The 24 Second Song

Five years ago, I participated in a project of Angie Lehman’s while she was a student at CCS. She asked artists to make a 24 second recording inspired by a photograph and then made graphic designs based on these songs. The songs had to be composed and recorded within one hour of viewing the photo and could only feature one percussion instrument and one melodic instrument.

Here is the photo I received:

My initial thought when I saw this photo was a racetrack for mice. (I later found out it’s a picture of National Coney Island.) This initial thought led to the idea of mice drag racing. Which led to the idea of a 24 second mouse version of “Leader of the Pack” without lyrics. I made “voice” my percussion instrument so I could add a melody and chose acoustic guitar as my instrument. Using the ol’ Cool Edit Pro, I played with voice speed and quickly recorded the following structure:
– A section, mice singing in C major (happy key) as the race is about to begin
– B section, the race happens
– C section, mice sing again in A minor (sad key) as a low voice (DEATH) joins in

Like I said, it’s only 24 seconds long and it was written/recorded in under an hour (more like 30 minutes), so take it for what it is.

The 24 Second Song

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So I sent this to Angie and she used it to make the following print piece. The top is the email exchange we had, and the bottom is the design inspired by the piece.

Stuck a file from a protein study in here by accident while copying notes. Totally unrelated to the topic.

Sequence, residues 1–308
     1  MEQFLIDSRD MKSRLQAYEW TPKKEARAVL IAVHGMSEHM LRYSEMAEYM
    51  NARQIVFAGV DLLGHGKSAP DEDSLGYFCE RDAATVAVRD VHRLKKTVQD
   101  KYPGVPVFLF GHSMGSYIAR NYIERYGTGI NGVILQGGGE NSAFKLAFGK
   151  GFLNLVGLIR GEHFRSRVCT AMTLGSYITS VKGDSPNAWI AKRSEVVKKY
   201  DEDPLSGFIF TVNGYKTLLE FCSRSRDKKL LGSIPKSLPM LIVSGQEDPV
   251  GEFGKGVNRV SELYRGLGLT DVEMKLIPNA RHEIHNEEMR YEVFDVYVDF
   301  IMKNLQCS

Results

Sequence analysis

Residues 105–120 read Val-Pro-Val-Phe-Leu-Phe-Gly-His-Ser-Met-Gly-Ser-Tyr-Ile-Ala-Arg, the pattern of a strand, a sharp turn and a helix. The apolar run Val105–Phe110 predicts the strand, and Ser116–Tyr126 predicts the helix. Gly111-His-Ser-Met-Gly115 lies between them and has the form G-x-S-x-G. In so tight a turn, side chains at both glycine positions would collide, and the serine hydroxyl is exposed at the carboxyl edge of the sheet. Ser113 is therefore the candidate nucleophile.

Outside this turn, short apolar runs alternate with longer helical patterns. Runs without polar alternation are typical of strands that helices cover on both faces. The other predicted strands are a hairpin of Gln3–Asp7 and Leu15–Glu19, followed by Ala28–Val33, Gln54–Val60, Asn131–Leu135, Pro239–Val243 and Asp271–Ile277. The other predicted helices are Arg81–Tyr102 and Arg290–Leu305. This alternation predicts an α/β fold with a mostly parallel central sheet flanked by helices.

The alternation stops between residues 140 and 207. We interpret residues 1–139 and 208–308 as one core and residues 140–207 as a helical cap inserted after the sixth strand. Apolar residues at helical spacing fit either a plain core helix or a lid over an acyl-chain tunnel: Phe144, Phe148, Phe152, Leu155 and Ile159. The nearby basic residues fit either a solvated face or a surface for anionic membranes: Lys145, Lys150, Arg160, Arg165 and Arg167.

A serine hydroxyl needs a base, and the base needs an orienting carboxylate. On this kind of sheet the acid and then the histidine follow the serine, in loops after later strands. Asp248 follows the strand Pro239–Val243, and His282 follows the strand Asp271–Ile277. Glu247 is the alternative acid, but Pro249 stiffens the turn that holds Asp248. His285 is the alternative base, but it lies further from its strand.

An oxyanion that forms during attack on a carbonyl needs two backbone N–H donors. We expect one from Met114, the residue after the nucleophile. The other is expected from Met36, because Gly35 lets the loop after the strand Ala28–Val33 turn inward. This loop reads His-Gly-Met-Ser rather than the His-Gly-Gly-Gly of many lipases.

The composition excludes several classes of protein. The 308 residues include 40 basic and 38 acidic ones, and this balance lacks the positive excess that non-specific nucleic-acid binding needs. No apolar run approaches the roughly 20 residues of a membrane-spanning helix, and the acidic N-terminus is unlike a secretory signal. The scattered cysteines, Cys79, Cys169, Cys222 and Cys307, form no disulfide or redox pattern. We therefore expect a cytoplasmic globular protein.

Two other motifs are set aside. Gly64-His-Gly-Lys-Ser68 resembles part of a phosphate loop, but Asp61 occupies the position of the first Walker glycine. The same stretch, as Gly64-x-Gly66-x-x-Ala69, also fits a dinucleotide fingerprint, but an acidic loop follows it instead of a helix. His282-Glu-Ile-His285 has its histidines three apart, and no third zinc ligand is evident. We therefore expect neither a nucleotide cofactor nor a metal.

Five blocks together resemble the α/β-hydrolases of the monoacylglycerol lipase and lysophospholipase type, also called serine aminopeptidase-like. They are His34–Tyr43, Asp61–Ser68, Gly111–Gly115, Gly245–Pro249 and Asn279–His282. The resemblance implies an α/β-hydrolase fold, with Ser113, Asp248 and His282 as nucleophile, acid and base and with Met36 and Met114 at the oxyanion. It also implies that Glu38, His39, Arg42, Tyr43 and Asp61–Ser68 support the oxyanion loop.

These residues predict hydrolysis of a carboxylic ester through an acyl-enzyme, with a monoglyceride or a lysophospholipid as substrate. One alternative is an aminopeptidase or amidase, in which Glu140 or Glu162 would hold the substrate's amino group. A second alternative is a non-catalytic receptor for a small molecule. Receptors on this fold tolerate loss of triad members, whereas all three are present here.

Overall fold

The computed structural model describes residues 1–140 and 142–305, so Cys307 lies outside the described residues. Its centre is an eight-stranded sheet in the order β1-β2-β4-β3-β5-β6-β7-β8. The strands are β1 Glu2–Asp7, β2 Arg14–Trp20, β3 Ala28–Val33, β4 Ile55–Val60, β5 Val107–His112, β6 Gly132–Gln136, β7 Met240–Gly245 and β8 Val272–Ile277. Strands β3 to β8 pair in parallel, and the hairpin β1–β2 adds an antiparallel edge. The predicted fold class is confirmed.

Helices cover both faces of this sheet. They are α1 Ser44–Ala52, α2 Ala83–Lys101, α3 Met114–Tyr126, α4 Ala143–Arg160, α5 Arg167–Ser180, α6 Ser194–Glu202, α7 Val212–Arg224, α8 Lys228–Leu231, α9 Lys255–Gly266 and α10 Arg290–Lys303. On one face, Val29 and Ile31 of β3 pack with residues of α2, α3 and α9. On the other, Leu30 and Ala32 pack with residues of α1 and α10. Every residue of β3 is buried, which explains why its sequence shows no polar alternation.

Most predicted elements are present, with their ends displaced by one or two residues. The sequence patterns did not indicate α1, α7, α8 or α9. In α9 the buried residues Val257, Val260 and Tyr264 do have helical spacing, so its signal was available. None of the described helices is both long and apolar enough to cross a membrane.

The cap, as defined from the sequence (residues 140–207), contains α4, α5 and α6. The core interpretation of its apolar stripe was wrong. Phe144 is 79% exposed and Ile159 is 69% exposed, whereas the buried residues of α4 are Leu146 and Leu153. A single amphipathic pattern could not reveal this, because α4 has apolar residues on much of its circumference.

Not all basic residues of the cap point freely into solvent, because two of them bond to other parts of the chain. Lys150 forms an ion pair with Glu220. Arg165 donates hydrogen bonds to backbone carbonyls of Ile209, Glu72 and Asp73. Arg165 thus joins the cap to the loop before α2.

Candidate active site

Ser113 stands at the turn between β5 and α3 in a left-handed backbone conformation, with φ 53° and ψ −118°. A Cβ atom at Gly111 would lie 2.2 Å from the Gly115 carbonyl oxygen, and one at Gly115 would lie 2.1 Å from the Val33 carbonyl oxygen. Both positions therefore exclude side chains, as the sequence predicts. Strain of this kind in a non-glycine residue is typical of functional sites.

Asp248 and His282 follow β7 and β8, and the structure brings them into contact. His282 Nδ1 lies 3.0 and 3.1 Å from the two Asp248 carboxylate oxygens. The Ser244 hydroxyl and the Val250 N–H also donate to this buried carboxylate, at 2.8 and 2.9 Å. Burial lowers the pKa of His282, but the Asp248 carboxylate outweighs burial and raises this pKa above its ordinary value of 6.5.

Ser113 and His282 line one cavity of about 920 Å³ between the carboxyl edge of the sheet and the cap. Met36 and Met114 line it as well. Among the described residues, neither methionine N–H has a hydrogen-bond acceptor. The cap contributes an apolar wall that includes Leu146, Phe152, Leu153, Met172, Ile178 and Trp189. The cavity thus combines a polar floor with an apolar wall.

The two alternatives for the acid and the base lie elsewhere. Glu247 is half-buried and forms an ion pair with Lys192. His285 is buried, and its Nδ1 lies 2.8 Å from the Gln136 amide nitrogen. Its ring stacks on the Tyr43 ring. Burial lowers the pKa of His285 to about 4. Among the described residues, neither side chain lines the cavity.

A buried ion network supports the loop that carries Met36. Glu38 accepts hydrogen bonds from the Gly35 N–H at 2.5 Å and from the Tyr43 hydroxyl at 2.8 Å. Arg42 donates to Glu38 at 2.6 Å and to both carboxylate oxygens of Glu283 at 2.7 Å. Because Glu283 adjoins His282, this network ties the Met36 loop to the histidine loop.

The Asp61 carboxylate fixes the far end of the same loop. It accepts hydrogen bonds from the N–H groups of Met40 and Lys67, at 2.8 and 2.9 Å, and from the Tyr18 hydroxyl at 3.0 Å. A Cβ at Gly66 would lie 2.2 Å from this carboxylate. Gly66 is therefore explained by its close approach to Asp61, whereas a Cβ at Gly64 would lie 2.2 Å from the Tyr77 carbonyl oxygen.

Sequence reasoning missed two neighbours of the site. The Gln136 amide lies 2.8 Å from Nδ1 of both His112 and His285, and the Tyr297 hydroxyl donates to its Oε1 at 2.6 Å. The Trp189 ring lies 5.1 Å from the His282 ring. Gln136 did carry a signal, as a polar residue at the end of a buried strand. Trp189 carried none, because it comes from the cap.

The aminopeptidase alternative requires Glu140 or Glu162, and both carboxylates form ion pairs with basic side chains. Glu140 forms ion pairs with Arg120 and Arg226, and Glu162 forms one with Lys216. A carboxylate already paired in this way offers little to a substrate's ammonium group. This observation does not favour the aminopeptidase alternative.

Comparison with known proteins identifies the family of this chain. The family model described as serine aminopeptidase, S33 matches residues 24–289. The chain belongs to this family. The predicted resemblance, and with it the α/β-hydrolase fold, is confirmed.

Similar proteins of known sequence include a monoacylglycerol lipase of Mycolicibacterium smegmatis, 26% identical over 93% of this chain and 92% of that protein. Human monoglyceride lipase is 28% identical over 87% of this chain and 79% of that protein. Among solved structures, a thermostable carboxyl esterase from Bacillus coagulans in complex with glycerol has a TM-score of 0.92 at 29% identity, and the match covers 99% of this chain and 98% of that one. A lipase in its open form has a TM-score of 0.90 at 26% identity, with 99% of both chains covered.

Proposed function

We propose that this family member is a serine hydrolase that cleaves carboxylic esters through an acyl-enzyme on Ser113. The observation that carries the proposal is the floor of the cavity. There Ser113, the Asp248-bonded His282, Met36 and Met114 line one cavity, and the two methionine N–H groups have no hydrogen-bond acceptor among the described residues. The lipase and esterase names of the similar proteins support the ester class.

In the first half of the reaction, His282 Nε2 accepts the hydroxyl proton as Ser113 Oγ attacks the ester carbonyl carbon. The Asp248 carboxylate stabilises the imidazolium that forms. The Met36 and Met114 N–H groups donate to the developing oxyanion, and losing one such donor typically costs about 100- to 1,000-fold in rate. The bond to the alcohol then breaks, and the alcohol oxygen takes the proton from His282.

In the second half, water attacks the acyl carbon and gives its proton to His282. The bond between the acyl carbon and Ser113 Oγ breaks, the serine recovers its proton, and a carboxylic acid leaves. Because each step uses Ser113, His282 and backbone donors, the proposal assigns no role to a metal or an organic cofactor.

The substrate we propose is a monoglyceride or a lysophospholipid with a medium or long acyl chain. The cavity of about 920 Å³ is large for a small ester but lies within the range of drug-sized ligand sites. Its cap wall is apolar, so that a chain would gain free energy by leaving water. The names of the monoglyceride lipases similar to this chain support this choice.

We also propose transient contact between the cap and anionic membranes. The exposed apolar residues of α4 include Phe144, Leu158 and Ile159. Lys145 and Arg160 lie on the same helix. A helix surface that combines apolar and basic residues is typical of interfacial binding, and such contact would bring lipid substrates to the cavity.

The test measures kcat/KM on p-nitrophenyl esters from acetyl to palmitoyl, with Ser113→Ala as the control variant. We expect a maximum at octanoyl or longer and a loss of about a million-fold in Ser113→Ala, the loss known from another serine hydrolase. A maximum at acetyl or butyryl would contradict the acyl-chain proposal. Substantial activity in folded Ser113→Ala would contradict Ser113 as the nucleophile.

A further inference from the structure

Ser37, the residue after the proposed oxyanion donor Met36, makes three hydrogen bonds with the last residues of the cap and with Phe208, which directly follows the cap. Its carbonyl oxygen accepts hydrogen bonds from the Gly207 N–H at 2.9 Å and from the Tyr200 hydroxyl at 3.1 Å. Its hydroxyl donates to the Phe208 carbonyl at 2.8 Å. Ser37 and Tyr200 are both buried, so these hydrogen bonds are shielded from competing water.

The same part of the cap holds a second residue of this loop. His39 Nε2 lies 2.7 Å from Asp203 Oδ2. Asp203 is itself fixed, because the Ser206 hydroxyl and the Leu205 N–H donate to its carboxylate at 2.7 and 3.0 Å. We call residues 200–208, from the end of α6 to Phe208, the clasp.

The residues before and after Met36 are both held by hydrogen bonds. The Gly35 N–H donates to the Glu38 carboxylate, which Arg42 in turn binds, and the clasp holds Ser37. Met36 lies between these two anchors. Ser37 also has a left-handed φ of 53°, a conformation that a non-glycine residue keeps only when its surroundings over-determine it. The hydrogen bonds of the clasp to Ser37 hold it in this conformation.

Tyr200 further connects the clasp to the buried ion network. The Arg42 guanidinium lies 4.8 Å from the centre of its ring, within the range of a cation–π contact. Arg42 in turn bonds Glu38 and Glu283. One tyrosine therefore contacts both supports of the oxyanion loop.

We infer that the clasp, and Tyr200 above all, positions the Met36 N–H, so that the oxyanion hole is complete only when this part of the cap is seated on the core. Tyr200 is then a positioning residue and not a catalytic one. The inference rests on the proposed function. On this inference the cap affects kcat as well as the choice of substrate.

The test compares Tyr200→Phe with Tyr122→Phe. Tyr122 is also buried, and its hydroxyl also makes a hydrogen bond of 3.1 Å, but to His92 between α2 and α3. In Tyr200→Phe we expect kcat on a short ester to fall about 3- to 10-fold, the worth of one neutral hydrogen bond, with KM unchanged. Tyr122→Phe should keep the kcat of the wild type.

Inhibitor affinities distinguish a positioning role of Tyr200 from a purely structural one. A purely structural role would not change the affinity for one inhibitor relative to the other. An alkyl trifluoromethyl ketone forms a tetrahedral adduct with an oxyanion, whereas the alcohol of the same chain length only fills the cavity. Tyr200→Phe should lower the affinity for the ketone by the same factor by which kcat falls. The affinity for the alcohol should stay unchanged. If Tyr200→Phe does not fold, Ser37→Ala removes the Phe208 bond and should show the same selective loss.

And there you go – homework done! Here’s a summary of the project from Angie’s portfolio site (where all six posters are displayed):

These posters were created by method of chance. I randomly took pictures by pointing the camera without looking through the viewfinder at places that were open 24/7. I then selected the 7th photo from each location and sent it to a musician.

I told each participant that they had to write a 24 second song based on the photograph. They had only one hour to write the song and the time started when they looked at the photo. After I heard each song, I created sheet music for each song, inspired by John Cage.

Each poster incorporates a line drawing from the original photograph, email conversations between me and the musicians, and the new sheet music that describes how the music sounds. I guess the next step would be to have someone new try to play the song from the sheet music.

I’m sure if someone tried to play this song from the sheet music it would sound absolutely nothing like the original piece, but it’d be fun to hear.

What’s most mindblowing to me about this whole experience in retrospect is that a quick five years later, Angie – who I barely knew at the time – is now married to my longtime friend Darin Ficorelli, and together they are parents of a baby girl. Time does some crazy awesome things.

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